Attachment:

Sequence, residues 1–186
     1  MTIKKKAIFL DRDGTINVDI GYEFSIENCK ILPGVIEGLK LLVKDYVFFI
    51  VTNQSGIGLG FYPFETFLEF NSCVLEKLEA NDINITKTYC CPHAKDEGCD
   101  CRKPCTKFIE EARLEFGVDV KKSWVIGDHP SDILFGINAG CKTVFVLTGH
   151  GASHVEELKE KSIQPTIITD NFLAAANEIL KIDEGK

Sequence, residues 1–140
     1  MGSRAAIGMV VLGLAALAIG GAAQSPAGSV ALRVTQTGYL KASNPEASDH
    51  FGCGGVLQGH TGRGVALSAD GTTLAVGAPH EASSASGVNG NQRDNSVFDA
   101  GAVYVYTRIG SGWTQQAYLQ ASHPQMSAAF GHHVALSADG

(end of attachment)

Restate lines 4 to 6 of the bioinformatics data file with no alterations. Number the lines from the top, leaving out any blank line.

   101  CRKPCTKFIE EARLEFGVDV KKSWVIGDHP SDILFGINAG CKTVFVLTGH
   151  GASHVEELKE KSIQPTIITD NFLAAANEIL KIDEGK

Sequence, residues 1–140